Now, yesterday we delved into a bit of Utah’s weird liquor laws and how it measures our transgressions.
I started down a really (to me) interesting topic of Brettanomyces yeast. Â And I still would like to go there.
But I think the 2 readers I have need a little more background before we can get to that topic and discuss in a way that will be meaningful in the end.
So let’s talk for just a moment about beer and what it really is.
If you want to know more, and/or how to make it, I really recommend reading Palmer and Papizan.
But, in a blog length and depth format, here is where beer comes from.
Barley is grown.
Then the grain is separated from the stalk and it is Malted.
Malting starts when the grain is sprayed with water to make it damp, then spread in thin layers on a malting floor.
The moisture causes the grain to germinate.
As the grain starts to grow, the Acrosperm releases enzymes that convert the carbohydrates, proteins and starches of the Endosperm into more soluble components, amino acids and lipids.
When the Maltster (the person who is contolling the malt process) determines that the now Malt has reached the desired stage, the grain is dried to cease germination. Â Thereby leaving accessable chemicals and enzymes for the brewer to extract by mashing.
The brewer then takes these grains, and crushes them in a controlled fashion to allow the grain out of the husk, but without destroying the husk, as it would introduce tannins and other off flavors into the beer if over-crushed.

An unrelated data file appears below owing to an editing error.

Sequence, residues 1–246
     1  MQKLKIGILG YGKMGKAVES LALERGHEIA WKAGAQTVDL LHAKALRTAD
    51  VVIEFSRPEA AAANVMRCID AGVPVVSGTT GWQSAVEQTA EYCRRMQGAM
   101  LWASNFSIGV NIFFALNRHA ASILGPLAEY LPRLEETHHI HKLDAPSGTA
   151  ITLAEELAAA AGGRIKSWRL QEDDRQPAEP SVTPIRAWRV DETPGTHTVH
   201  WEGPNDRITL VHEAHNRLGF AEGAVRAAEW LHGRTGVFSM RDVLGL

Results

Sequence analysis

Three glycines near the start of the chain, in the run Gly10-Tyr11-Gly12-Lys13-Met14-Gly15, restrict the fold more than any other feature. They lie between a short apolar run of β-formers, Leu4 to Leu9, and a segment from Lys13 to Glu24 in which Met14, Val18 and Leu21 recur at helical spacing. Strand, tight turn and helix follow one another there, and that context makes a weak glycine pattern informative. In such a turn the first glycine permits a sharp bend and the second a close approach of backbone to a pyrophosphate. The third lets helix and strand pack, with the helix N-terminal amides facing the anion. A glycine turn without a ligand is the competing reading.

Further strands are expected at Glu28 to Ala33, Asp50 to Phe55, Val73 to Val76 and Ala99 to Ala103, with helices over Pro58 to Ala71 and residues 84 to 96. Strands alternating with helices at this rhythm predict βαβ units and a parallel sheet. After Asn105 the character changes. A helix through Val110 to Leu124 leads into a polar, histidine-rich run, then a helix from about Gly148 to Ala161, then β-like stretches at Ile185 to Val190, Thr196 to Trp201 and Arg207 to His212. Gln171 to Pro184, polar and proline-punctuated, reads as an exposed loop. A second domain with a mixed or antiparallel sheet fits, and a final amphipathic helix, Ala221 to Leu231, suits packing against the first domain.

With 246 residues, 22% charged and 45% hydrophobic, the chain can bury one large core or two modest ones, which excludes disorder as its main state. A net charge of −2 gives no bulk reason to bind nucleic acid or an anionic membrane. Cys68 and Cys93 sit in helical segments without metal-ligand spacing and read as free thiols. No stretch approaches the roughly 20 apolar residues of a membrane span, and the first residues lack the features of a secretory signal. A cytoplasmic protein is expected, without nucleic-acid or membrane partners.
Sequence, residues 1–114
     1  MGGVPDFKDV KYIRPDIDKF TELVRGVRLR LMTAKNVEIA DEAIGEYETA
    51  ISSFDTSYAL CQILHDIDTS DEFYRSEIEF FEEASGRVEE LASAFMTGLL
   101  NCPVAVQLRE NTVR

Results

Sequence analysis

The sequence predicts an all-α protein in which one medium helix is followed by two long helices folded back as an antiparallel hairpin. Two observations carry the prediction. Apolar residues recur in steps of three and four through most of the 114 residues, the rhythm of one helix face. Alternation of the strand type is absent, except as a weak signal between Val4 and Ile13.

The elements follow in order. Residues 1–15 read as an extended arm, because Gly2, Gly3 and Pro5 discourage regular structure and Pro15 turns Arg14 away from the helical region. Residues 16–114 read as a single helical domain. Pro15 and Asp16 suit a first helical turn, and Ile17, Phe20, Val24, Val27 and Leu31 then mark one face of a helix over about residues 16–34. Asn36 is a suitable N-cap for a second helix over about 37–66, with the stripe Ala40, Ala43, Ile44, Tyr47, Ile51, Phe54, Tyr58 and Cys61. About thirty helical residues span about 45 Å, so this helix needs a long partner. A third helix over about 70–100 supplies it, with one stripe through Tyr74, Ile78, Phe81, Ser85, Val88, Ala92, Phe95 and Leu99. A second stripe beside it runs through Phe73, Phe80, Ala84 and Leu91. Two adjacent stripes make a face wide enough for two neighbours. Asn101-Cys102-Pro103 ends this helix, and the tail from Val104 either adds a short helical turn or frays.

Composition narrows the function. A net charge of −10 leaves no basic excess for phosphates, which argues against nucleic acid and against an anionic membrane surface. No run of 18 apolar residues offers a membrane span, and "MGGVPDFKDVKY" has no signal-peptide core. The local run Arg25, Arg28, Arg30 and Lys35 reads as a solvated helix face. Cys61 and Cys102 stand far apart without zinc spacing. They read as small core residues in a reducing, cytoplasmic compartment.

The grain is steeped in hot water.
In this time, called mashing, the enzymes reactivate and the starches, carbohydrates and proteins go into solution of the water.
The now sugar-water is drained, rinsed (sparging) and the liquid (wort) is placed in a large pot and brought to a boil.
Then hops are added at various times during the boil for bitterness, flavor and aroma.
After a minimum of 60 minutes of boiling to sterilize the wort, it is cooled down to fermentation temperatures, placed in a carboy (fermentation chamber).
Then yeast is added (pitched) to the wort and it is sealed with an airlock.
Yeast, in the metaphor I have used to explain it to my children, eat sugar, burp CO2 and pee alcohol.
Thus after some time, you have beer.
I might spend some time going through more detail of the process soon.